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About the Book
Today, the writ of habeas corpus is a federal remedy primarily used by state prisoners to challenge their conviction or sentence. Habeas corpus was also the primary post conviction remedy for federal prisoners until 1948, when Congress adopted Section 2255. Congress intended Section 2255 to supersede habeas corpus as the means by which federal prisoners could challenge the lawfulness of their incarceration.
Another Bite at the Apple: A Guide to Section 2255 Motions for Federal Prisoners is the first book of its kind to focus on the special procedures and concerns that arise when a prisoner moves to advocate, set aside, or correct a federal conviction or sentence under Section 2255.
This book is especially important now as Section 2255 proceedings have become significantly more complex with the enactment of the Antiterrorism and Effective Death Penalty Act, and federal courts continue to struggle with the interpretation of the AEDPA's provisions. An examination of various legal and practical questions that may be encountered in section 2255 proceedings, including those posed by the AEDPA, are included. Lawyers will find this book to be an essential resource for providing the scope from an introductory education to an in-depth analysis--The perfect handbook for the litigation of noncapital section 2255 proceedings.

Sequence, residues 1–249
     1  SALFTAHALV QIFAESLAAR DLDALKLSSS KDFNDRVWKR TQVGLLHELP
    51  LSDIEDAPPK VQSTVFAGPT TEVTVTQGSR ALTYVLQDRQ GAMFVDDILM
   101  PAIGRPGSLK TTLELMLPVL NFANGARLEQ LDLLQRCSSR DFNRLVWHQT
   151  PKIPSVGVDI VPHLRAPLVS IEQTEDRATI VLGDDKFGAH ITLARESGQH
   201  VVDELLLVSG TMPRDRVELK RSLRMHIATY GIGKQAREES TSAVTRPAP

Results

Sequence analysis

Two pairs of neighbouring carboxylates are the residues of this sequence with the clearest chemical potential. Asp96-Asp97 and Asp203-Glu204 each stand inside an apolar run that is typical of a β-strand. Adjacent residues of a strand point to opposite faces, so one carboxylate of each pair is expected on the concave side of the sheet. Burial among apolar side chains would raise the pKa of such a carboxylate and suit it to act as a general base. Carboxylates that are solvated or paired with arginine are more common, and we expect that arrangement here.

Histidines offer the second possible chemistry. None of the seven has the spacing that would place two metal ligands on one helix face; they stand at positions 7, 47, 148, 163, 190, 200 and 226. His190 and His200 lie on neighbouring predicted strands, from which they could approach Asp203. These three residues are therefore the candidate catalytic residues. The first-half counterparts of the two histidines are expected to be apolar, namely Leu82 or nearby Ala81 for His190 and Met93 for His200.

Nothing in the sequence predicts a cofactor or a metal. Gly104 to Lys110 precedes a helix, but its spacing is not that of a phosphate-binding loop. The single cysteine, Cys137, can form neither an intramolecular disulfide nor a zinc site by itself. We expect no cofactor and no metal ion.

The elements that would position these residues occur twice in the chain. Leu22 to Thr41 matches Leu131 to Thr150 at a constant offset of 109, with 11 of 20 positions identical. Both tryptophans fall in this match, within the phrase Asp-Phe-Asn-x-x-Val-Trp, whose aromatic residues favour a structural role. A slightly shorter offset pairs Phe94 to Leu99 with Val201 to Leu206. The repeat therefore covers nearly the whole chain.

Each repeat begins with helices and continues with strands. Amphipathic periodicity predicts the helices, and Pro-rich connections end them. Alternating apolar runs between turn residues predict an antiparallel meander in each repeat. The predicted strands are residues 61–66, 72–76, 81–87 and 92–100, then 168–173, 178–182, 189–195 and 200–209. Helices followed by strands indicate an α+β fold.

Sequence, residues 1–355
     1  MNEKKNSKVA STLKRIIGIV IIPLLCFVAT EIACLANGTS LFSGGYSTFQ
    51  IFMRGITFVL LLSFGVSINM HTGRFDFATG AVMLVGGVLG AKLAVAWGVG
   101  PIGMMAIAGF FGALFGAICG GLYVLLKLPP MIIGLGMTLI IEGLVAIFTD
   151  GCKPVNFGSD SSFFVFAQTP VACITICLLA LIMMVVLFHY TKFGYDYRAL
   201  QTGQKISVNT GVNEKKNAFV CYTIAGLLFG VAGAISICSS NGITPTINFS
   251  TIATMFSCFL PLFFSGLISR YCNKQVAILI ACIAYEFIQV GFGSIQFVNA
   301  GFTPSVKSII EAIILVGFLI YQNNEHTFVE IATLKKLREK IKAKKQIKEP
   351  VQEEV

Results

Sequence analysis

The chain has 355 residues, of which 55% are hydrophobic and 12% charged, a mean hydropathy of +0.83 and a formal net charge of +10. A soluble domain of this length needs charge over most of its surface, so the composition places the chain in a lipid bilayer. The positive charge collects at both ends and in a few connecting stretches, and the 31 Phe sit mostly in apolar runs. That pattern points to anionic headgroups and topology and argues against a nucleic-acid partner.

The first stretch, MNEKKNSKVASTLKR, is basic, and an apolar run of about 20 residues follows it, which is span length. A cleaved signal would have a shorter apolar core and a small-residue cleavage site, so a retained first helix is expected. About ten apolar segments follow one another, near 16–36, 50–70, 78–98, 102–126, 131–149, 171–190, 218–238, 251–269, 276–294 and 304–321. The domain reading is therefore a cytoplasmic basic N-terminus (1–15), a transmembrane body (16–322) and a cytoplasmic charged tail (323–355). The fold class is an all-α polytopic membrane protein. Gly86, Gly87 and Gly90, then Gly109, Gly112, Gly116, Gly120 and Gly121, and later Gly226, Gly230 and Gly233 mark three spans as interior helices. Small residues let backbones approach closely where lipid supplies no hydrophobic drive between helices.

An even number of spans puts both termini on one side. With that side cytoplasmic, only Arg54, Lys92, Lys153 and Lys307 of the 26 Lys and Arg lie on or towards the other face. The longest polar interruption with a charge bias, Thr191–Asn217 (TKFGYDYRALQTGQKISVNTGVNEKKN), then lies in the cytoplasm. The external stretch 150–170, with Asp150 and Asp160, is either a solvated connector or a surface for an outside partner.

This book examines:
-An Overview of Section 2255 Proceedings, including the relationship of Section 2255 to other federal postconviction remedies -Timing Considerations, including the statute of limitations -Section 2255 Jurisdiction, including custody and mootness, and cognizable claims -Obstacles to Relief, including retroactive application of Teague v. Lane and Fourth Amendment claims -Proceedings Before the District Court, including motion, summary proceedings, relief and postjudgement motions -The Appeal and Subsequent Motions, including perfecting the appeal and second or successive motions
An appendix contains the full text of section 2255 and the rules governing 2255 proceedings.